Article 123 does not apply because it’s a plane. The principle behind is that the court clarifies
that coercion (seizing of the vessel) by the accused was treated as a separate crime from murder
and thus could not be qualified as a complex crime (or in our case, qualified piracy).




1. That the offender is a public officer or employee
2. That he detains a person
3. That the detention is without a legal ground.

People vs. Aruta288 SCRA 626

G.R. No. 120915, April 13, 1998

Without a warrant of arrest,
 In the morning of December 13, 1988, the law enforcement officers received information
from an informant named "Benjie" that a certain "Aling Rosa" would be leaving for
Baguio City on December 14, 1988 and would be back in the afternoon of the same day
carrying with her a large volume of marijuana;
 At 6:30 in the evening of December 14, 1988, accused-appellant alighted from a Victory
Liner Bus carrying a traveling bag even as the informant pointed her out to the law
enforcement officers;
 The law enforcement officers approached her and introduced themselves as NARCOM
 When asked by Lt. Abello about the contents of her traveling bag, she gave the same to
 When they opened the same, they found dried marijuana leaves;
 Accused-appellant was then brought to the NARCOM office for investigation.
Whether the warrantless search violated Aruta’s constitutional rights.
YES. In the instant case, the NARCOM agents were admittedly not armed with a warrant of
arrest. To legitimize the warrantless search and seizure of accused-appellant's bag, accused-
appellant must have been validly arrested under Section 5 of Rule 113 which provides inter alia:
Sec. 5. Arrest without warrant; when lawful. — A peace officer or a private person may, without
a warrant, arrest a person:
(a) When in his presence, the person to be arrested has committed, is actually committing, or
is attempting to commit an offense;
Accused-appellant Aruta cannot be said to be committing a crime. Neither was she about to
commit one nor had she just committed a crime. Accused-appellant was merely crossing the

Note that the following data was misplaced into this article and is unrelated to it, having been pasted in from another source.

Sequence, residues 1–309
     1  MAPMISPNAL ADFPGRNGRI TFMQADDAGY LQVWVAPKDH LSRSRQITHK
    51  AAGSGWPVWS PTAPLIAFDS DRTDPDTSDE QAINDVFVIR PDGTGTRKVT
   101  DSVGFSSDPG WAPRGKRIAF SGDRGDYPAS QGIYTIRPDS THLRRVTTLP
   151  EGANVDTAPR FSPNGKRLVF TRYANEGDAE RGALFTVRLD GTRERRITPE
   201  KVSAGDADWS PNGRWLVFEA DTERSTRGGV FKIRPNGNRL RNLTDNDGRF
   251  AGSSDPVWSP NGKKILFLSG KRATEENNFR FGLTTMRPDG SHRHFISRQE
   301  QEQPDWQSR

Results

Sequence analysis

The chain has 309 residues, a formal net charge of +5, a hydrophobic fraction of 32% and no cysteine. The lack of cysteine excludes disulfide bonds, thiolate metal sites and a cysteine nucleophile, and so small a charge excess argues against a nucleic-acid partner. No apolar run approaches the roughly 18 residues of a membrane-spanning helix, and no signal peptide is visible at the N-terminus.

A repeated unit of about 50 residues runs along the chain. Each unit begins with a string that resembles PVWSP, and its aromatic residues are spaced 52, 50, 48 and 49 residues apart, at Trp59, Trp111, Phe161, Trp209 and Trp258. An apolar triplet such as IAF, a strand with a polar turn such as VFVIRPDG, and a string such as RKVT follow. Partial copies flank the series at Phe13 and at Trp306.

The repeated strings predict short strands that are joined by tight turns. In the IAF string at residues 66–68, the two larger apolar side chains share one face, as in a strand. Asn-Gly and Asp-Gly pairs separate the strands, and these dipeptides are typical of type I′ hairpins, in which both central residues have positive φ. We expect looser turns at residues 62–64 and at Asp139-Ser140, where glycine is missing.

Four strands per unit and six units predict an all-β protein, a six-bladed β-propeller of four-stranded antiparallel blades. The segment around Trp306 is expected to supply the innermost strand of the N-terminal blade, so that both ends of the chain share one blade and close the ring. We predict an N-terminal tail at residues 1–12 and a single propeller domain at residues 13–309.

street and was not acting in any manner that would engender a reasonable ground for the
NARCOM agents to suspect and conclude that she was committing a crime. It was only when
the informant pointed to accused-appellant and identified her to the agents as the carrier of the
marijuana that she was singled out as the suspect. The NARCOM agents would not have
apprehended accused-appellant were it not for the furtive finger of the informant because, as
clearly illustrated by the evidence on record, there was no reason whatsoever for them to suspect
that accused-appellant was committing a crime, except for the pointing finger of the informant.
This the Court could neither sanction nor tolerate as it is a clear violation of the constitutional
guarantee against unreasonable search and seizure. Neither was there any semblance of any
compliance with the rigid requirements of probable cause and warrantless arrests.
Consequently, there was no legal basis for the NARCOM agents to effect a warrantless search of
accused-appellant's bag, there being no probable cause and the accused-appellant not having
been lawfully arrested. Stated otherwise, the arrest being incipiently illegal, it logically follows
that the subsequent search was similarly illegal, it being not incidental to a lawful arrest. The
constitutional guarantee against unreasonable search and seizure must perforce operate in favor
of accused-appellant. As such, the articles seized could not be used as evidence against accused-
appellant for these are "fruits of a poisoned tree" and, therefore, must be rejected, pursuant to
Article III, Sec. 3(2) of the Constitution.
Emphasis is to be laid on the fact that the law requires that the search be incidental to a lawful
arrest, in order that the search itself may likewise be considered legal. Therefore, it is beyond
cavil that a lawful arrest must precede the search of a person and his belongings. Where a search
is first undertaken, and an arrest effected based on evidence produced by the search, both such
search and arrest would be unlawful, for being contrary to law.
The following cases are specifically provided or allowed by law to be the exceptions to the
requirement of a warrant of arrest or search warrant:
1. Warrantless search incidental to a lawful arrest recognized under Section 12, Rule 126 of the
Rules of Court8 and by prevailing jurisprudence;
2. Seizure of evidence in "plain view," the elements of which are:
(a) a prior valid intrusion based on the valid warrantless arrest in which the police are
legally present in the pursuit of their official duties;